Discourse and Improvisation ON Entrepreneurship And…

October 30, 2006

It’s just business

Filed under: It's just business — dionea @ 2:35 pm

Seth Godin’s short, to-the-point post, it’s just business hit me over the head. Ethics does matter, a lot, and is inseparable from business or life. “It’s just business” is often used as an excuse for abominable behavior.

Whoops, I forgot about the negative connotations when I named this blog category “it’s just business”. I was trying to remind myself to:

  1. Put my priorities in order. Business should always get in line behind family and living a healthy life. As an entrepreneur I tend to forget that, daily.
  2. Not take my business, or myself, quite so seriously. The success or failure of any or all of my business is not life and death.
  3. While I try to live my business as I live my life, I should not let my business live my life.
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October 24, 2006

The competition is never as close as you think.

Filed under: It's just business — dionea @ 11:21 pm

(New blog posts only seem to come to mind when I can riff off of someone else’s comments. The title line of this post is courtesy of David Cohen in the comments on coloradostartups.com)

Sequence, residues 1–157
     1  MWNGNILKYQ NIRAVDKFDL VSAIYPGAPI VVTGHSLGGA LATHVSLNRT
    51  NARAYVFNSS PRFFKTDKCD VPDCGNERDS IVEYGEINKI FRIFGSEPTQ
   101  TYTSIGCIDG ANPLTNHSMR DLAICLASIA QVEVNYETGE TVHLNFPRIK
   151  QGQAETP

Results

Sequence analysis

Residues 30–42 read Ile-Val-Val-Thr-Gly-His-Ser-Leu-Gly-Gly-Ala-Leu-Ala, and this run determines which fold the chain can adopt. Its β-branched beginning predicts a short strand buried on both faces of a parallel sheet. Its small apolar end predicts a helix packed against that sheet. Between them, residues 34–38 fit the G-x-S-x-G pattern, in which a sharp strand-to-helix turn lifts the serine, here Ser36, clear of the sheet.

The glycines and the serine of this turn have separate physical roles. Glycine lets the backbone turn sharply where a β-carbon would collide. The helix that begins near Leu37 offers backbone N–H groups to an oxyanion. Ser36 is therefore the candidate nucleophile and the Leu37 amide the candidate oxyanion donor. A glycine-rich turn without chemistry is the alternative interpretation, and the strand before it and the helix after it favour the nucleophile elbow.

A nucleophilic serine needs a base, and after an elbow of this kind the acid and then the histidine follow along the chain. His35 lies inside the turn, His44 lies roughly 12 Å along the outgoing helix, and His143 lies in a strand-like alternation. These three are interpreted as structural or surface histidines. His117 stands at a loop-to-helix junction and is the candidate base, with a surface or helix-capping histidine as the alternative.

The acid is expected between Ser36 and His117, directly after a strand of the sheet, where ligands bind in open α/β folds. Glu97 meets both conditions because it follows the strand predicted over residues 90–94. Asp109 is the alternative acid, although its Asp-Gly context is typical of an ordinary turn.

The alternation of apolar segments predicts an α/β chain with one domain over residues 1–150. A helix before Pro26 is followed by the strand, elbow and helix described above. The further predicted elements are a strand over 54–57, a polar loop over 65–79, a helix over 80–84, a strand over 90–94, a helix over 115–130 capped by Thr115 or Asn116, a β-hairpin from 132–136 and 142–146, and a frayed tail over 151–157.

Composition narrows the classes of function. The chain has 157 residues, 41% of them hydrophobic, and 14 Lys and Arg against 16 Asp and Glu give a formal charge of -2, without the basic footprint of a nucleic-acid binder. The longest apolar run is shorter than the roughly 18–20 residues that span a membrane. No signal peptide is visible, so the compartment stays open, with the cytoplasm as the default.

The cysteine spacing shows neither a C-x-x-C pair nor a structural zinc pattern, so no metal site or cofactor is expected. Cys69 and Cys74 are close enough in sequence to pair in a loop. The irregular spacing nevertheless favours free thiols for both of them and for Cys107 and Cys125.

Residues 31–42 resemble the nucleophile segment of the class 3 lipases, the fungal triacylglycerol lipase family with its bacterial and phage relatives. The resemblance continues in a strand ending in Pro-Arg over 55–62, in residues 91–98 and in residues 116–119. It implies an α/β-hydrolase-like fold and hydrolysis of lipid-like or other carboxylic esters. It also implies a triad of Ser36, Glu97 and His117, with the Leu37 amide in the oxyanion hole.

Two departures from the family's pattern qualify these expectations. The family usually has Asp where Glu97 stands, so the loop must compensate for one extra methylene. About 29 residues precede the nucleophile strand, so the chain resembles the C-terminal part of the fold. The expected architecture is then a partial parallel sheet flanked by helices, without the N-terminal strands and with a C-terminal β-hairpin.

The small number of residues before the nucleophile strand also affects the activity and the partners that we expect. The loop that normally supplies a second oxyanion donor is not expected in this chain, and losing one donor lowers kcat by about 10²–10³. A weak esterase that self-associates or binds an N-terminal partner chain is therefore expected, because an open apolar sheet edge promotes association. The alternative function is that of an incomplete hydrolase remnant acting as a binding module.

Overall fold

Call this a lesson learned, but the competition really never is as close as you think.

Two reasons we started this business were it was explainable (3 words will get you started, a few simple sentences can paint a picture for the most technically unsophisticated, including my mother) and it appeared that nobody else was doing it.

Well, the nobody else didn’t survive long, and we needed some competition to help prove that there really is a market space. Plus customers need choice, even if the choice is clear.

That high-level mindset never prevents my initial panic every time someone new appears in our space. I especially panic over large, well-funded or public companies who ought to have resources I can only dream about. I fear stealth projects that appear from nowhere. I watch the ones that appear to be lagging, in case they get their act together.
However, since we’ve started, we’ve seen one competitor after another fall by the wayside. Some have gone down in flames, others still pretend to have life although they don’t market and haven’t released a new version in years. The obvious causes of death include:

  • “Wannabes” clearly without basic business skills
  • The competing product is a side-line or peripheral add-on, and not core to the overall business
  • A shift in marketing or business focus
  • Failure to stay current with the technology
  • Fraud (the kind that made their local evening news, repeatedly)

In self-congratulatory mode, maybe, just maybe,  we’re better focused and better at getting the job done. But I can’t count on it.

So, I temper my panic. Mostly. But it is useful to keep my on my toes.

Thanks to Google News, I’m getting yet another opportunity to calm myself this evening…

October 17, 2006

Banner ads

Filed under: It's just business — dionea @ 9:23 pm